Personal and creative growth intersect on K. Michelle’s third full-length album, More Issues Than Vogue [Atlantic Records]. The chart-topping and award-winning R&B singer, songwriter, multi-instrumentalist, television personality, and mogul didn’t just realize her sound, but she also realized herself.

“When I start an album, I’m normally heartbroken and thinking about a man,” she admits. “I wasn’t in that place. So, I had to say, ‘Instead of focusing on a guy, it’s time for me to give to myself.’ I started to realize my accomplishments and try to accept my flaws. The music became more upbeat. You still have records speaking on pain and getting over it, but you’ve got a lot of boasting from me. I’m feeling myself and liking the person I’ve become. I’m more confident as a musician and a woman.”

K. Michelle has certainly got every reason to be confident. The Memphis, TN native’s second album, Anybody Wanna Buy a Heart?, bowed at #1 on Billboard’s R&B chart and #6 on the Billboard Top 200, eventually becoming the “best-selling female R&B album of 2014.” Rolling Stone placed it among the “Top 20 R&B Albums of the Year,” while Complex, Washington Post, and more extolled it. Only a year prior, her major label debut Rebellious Soul earned the distinction of becoming the highest Top 200 entry for a female R&B singer’s debut since 2001, also coming in at #1 on Billboard’s R&B chart and #2 on the Billboard Top 200. Alongside those achievements she received a Soul Train Award for “Best New Artist” and an NAACP Image Award for “Outstanding New Artist.” In early 2016, the second season of her VH1 reality show, K. Michelle: My Life, opened to an audience of over 3.2 million viewers up 7.5%, and she made history becoming the “first African American to receive an endorsement deal from Jack Daniels.” Everything set the stage for her next album though.

Early in the creative process for More Issues Than Vogue, she purposefully traded the Southern California sun for Atlanta in order to “get the soul back,” as she puts it.

“L.A. is all green juice and peace,” she laughs. “Atlanta brought me back to the hungry K. Michelle who got me a deal in the first place. It helped me focus and regain the hustle.”

The first single, “Not A Little Bit,” reflects that energy. Co-written with Kelly Price and produced by Blac Elvis [Ciara, Usher], K. Michelle flexes her immense vocal range over a delicate piano melody and orchestral swell.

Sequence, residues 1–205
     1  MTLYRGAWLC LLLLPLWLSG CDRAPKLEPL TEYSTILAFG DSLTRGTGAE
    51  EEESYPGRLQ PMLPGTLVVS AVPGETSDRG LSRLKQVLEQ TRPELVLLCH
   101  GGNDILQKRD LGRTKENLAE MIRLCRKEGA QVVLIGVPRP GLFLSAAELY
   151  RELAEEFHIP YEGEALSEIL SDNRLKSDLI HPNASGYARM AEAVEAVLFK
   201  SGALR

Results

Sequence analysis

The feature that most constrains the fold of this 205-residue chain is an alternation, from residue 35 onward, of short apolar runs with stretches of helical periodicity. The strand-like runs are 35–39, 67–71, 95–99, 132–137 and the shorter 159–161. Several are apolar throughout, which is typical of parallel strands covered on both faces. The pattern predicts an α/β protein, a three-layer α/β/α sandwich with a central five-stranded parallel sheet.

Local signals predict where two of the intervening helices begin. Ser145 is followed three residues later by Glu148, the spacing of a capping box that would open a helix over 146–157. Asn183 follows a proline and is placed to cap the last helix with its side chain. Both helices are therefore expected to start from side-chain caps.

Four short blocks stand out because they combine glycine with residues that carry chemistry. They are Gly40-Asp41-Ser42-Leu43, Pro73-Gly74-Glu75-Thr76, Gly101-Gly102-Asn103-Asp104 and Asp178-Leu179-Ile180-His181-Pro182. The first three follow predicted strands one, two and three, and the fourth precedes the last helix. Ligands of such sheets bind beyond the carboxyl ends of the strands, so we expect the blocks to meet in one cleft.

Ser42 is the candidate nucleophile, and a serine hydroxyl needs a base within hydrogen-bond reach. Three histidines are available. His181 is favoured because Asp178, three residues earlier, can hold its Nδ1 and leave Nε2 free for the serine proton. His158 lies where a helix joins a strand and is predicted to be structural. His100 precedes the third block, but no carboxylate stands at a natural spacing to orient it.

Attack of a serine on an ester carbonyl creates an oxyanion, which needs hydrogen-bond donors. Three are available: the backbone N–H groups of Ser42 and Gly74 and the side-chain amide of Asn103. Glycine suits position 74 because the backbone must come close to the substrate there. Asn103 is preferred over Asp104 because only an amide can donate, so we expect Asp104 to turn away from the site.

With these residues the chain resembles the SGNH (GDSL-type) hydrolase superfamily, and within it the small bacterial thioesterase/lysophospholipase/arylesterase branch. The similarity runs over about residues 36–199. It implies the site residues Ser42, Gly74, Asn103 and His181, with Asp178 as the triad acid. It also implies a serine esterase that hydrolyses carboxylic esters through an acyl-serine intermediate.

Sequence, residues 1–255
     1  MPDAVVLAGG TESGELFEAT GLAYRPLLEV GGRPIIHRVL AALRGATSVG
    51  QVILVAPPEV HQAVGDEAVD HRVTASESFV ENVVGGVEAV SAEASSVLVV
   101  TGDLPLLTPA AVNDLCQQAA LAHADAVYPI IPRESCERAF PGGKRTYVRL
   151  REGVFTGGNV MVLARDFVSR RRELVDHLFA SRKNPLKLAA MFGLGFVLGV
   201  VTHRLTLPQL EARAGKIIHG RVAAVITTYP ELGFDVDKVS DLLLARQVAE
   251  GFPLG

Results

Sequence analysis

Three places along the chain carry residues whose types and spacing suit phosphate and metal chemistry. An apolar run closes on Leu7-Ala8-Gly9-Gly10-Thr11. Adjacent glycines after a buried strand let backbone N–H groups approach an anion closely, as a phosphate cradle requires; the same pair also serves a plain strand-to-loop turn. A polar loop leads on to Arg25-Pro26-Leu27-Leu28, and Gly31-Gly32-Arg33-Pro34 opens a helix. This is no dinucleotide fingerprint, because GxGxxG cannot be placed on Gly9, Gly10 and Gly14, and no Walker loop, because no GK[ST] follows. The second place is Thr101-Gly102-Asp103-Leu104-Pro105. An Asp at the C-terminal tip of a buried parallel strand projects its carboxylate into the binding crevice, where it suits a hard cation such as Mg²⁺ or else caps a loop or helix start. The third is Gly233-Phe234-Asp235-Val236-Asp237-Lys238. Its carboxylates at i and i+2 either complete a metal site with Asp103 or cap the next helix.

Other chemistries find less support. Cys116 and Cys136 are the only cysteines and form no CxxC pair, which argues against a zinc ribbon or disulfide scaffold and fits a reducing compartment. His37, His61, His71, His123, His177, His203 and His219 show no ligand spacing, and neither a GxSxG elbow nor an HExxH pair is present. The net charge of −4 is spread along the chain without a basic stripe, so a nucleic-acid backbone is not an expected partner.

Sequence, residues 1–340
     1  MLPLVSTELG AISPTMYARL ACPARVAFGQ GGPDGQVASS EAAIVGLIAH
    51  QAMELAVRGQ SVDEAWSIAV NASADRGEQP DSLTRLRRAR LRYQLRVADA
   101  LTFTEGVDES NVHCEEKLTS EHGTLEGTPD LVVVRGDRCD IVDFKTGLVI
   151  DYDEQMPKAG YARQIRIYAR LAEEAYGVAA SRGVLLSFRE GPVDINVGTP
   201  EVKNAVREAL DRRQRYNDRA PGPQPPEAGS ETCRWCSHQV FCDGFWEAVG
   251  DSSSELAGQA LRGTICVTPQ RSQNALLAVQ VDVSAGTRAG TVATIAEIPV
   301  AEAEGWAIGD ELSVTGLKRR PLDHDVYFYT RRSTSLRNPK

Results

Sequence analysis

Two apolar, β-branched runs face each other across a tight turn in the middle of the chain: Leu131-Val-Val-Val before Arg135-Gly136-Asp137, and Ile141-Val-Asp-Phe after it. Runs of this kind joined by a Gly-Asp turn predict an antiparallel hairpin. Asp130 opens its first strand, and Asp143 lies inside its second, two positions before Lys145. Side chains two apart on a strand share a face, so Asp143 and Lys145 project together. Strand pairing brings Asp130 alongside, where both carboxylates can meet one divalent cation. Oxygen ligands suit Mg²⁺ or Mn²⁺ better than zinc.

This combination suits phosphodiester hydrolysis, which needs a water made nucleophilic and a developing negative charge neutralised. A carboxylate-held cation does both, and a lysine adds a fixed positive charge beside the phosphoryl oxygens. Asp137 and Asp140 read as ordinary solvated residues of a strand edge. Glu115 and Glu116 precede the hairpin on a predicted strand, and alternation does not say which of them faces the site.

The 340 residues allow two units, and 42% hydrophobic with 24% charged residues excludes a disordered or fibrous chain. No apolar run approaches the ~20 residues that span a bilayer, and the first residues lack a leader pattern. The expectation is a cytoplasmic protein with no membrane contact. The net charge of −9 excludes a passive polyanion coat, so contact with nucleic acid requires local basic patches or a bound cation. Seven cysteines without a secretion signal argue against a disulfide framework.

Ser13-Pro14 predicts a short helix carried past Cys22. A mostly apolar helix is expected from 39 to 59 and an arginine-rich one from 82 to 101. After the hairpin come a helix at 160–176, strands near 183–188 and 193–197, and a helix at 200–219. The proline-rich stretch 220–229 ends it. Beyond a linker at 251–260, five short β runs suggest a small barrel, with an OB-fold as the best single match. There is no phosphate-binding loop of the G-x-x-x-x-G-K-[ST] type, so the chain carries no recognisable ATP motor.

“My last album was about a certain guy,” she sighs. “I never thought I’d get over him. He was actually the first guy I walked away from. People would say, ‘How could you walk away from him? He’s gorgeous and successful.’ This song reminds me what I did was right. I finally moved on, and I’m over it.”

Elsewhere, “Ain’t You” spotlights her sass as she assures a lover to, “Stop listening to bullshit because I just want you.” A collaboration with T-Pain, “DAMN” takes the trumpet from OutKast’s classic “SpottieOttieDopaliscious” and builds a playground for K. Michelle to carry her catchiest and sexiest chorus yet.

“It’s my roots,” she goes on. “I wanted a song that would work in the club and the strip clubs. Who better for that than T-Pain? He’s a musical genius. We discussed my past as a stripper, and that’s what the song is about. It’s meant to be confident though. When I returned to Atlanta, it reminded me of my days of struggle when I didn’t have anything. I got a gorgeous home, and I would have to pass by my old strip club every day on the way to the studio. It was super humbling.”

Another T-Pain collaboration, “Mindful” sees her deftly rapping over a bombastic soundscape and addressing rumors head-on. “I’m at a different place in my life where I don’t beef, but I can still say what I think in my music,” she says. “These days, I leave it all on tape.”

Drawing on her lifelong passion for country music, she shows another side altogether via the Nashville-inspired twang of “If It Ain’t Love.” “I’ve always loved country music,” she remarks. “I know how to yodel and play guitar. This is something I’ve wanted to do for a long time.”

For More Issues Than Vogue, she assembled a dream team of producers including Eric Hudson [Kanye West, Mary J. Blige], Lil’ Ronnie [R. Kelly, Lupe Fiasco], and Pop & Oak [Britney Spears, Drake]. As a result, the sonic palette supports the overarching narrative.

 “It’s in the name,” she continues. “The title means we all have issues. There are a lot of issues of Vogue, but I have more issues than anybody. The first time I heard the phrase I laughed out loud because it fit me so well. Every song focuses on one of those issues. This ties everything together.”

Now, K. Michelle adds another unforgettable page to her personal narrative with More Issues Than Vogue.

“When people hear this, I want them to feel good,” she concludes. “I want them to feel like it was an experience. I’m not a singles artist. I make bodies of work. On Rebellious Soul, you’ve got this girl who was counted out. She released the album people said would never happen. She was angry after. Anybody Wanna Buy A Heart? is the vulnerable part of me and my creativity. On the new album, you get to see me being a confident woman, keeping it real, and evolving. Hopefully, listeners walk away feeling everything: the bad, the good, and the in between. It’s important to me because I work for my legacy not for the moment.”